China central bank strives for more policy influence

Not a central bank in the conventional Western mold, the People's Bank of China has nevertheless emerged as a powerful player in steering the world's second-largest economy as the decade-long term of its governor, Zhou Xiaochuan, draws to a close.

On the world stage, Zhou is beating the drum for the dollar to be dethroned as the world's dominant currency. At home, the Chinese central bank chief isn't sitting idle either.

The central bank was pivotal in forging a consensus within the Communist Party leadership that led to the landmark revaluation of the yuan in 2005; similarly, analysts say the central bank was the driving force behind Beijing's decision last June to end a two-year peg to the dollar introduced to help China weather the global financial crisis.

The central bank has modernized China's domestic bond and money markets, introducing a flurry of short-term instruments to help it control money supply and guide market expectations.

The bank, which constantly has to fend off attempts by other state agencies to encroach on its turf, has also taken steps to keep a tighter grip on bank lending. Traders and investors around the world now hang on its every word and deed, even though, ironically, Zhou can only dream of the powers enjoyed by his foreign counterparts such as Ben Bernanke and Jean-Claude Trichet.

"The People's Bank of China is playing a more and more important role in the economy, although it's a fact that it still enjoys little operational independence," said Qing Wang, China economist at Morgan Stanley in Hong Kong.

Unlike Western central banks, the PBOC does not have the final word on adjusting interest rates or the value of the yuan. The basic course of monetary and currency policy is set by the State Council, China's cabinet, or by the Communist Party's ruling Politburo.

Zhou made headlines in March 2009 by proposing to replace the dollar eventually as the world's main reserve currency with a beefed-up version of the Special Drawing Right (SDR), the International Monetary Fund's unit of account. The idea may be premature, but Zhou is spearheading a programme to boost the use of the yuan in trade and investment to ensure the currency becomes a major component of the SDR.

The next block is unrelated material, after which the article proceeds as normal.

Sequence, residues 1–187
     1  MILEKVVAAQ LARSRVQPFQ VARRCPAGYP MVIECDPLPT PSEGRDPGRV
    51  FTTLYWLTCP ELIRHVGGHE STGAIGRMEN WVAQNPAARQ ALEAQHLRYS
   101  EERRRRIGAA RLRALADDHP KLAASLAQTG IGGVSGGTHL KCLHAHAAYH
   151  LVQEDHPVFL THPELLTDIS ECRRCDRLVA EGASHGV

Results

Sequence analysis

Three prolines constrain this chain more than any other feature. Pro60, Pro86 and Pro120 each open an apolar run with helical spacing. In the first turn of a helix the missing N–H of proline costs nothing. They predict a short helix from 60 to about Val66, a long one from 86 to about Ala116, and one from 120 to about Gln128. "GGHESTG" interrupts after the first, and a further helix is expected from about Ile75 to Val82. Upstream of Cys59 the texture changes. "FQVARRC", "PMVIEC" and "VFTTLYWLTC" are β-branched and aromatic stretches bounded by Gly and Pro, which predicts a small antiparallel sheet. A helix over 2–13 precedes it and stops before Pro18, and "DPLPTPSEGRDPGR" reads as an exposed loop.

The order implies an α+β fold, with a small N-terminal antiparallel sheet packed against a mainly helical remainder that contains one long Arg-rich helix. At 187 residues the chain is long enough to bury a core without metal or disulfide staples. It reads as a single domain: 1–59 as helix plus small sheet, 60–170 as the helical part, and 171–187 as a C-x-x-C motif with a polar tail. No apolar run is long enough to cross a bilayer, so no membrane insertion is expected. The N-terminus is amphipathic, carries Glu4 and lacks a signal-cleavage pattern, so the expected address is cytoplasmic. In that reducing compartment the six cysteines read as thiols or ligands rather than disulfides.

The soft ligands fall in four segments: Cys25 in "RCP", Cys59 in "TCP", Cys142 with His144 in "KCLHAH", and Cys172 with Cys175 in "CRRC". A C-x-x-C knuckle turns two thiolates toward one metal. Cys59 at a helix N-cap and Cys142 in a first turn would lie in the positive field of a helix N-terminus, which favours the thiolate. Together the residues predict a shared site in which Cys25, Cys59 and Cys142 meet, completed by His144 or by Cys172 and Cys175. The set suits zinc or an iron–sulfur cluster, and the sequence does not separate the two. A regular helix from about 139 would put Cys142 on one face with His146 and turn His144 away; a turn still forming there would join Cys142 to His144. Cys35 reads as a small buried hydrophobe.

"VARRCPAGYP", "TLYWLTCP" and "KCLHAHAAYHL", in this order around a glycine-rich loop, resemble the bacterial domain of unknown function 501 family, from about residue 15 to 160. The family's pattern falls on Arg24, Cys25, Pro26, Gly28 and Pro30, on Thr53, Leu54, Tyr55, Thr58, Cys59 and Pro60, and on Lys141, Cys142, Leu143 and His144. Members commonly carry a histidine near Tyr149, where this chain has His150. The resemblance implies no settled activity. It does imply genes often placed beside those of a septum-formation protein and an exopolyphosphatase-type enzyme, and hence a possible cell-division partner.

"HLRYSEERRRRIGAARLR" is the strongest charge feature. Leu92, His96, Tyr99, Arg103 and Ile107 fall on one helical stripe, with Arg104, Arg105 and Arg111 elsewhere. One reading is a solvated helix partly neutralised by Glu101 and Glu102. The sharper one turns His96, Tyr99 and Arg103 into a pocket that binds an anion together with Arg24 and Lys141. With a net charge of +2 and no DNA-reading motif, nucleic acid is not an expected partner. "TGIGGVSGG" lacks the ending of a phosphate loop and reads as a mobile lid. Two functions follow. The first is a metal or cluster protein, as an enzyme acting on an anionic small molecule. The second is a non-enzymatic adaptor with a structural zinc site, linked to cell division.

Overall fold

The quest for policy clout has sparked some turf battles.

The PBOC was recently at odds with the National Development and Reform Commission, the powerful planning agency, on targets for bank lending and inflation.

On the currency front, the central bank has been wrangling with Commerce Ministry, a staunch defender of Chinese exporters, over the pace of yuan appreciation. Zhou wants a stronger yuan to help curb inflation; exporters, not surprisingly, are opposed.

The PBOC has only a short history as a true central bank. Until 1983, it was also engaged in deposit-taking. The enactment of the Law of the People's Bank of China in 1995 formalized its central banking powers. It was also responsible for financial supervision until the China Banking Regulatory Commission was set up in 2003.

Foreign central bankers speak highly of the PBOC's technocrats. "Compared with other major central banks, the People's Bank of China is less independent, but it's increased professionalism means more of its proposals will be endorsed by the leadership," said an analyst at a state-owned bank who declined to be named.

Zhou, a well-trained economist and keen tennis player, has promoted a number of influential Chinese scholars to senior positions to beef up the central bank's management.

Among them, deputy governor Yi Gang, who has a PhD in economics from the University of Illinois, is tasked with managing the country's $2.85 trillion foreign exchange reserves.

Yi and China Construction Bank Chairman Guo Shuqing are among the candidates to succeed Zhou, 63, who is due to retire next year.

[Source: Reuters, 24Mar11]

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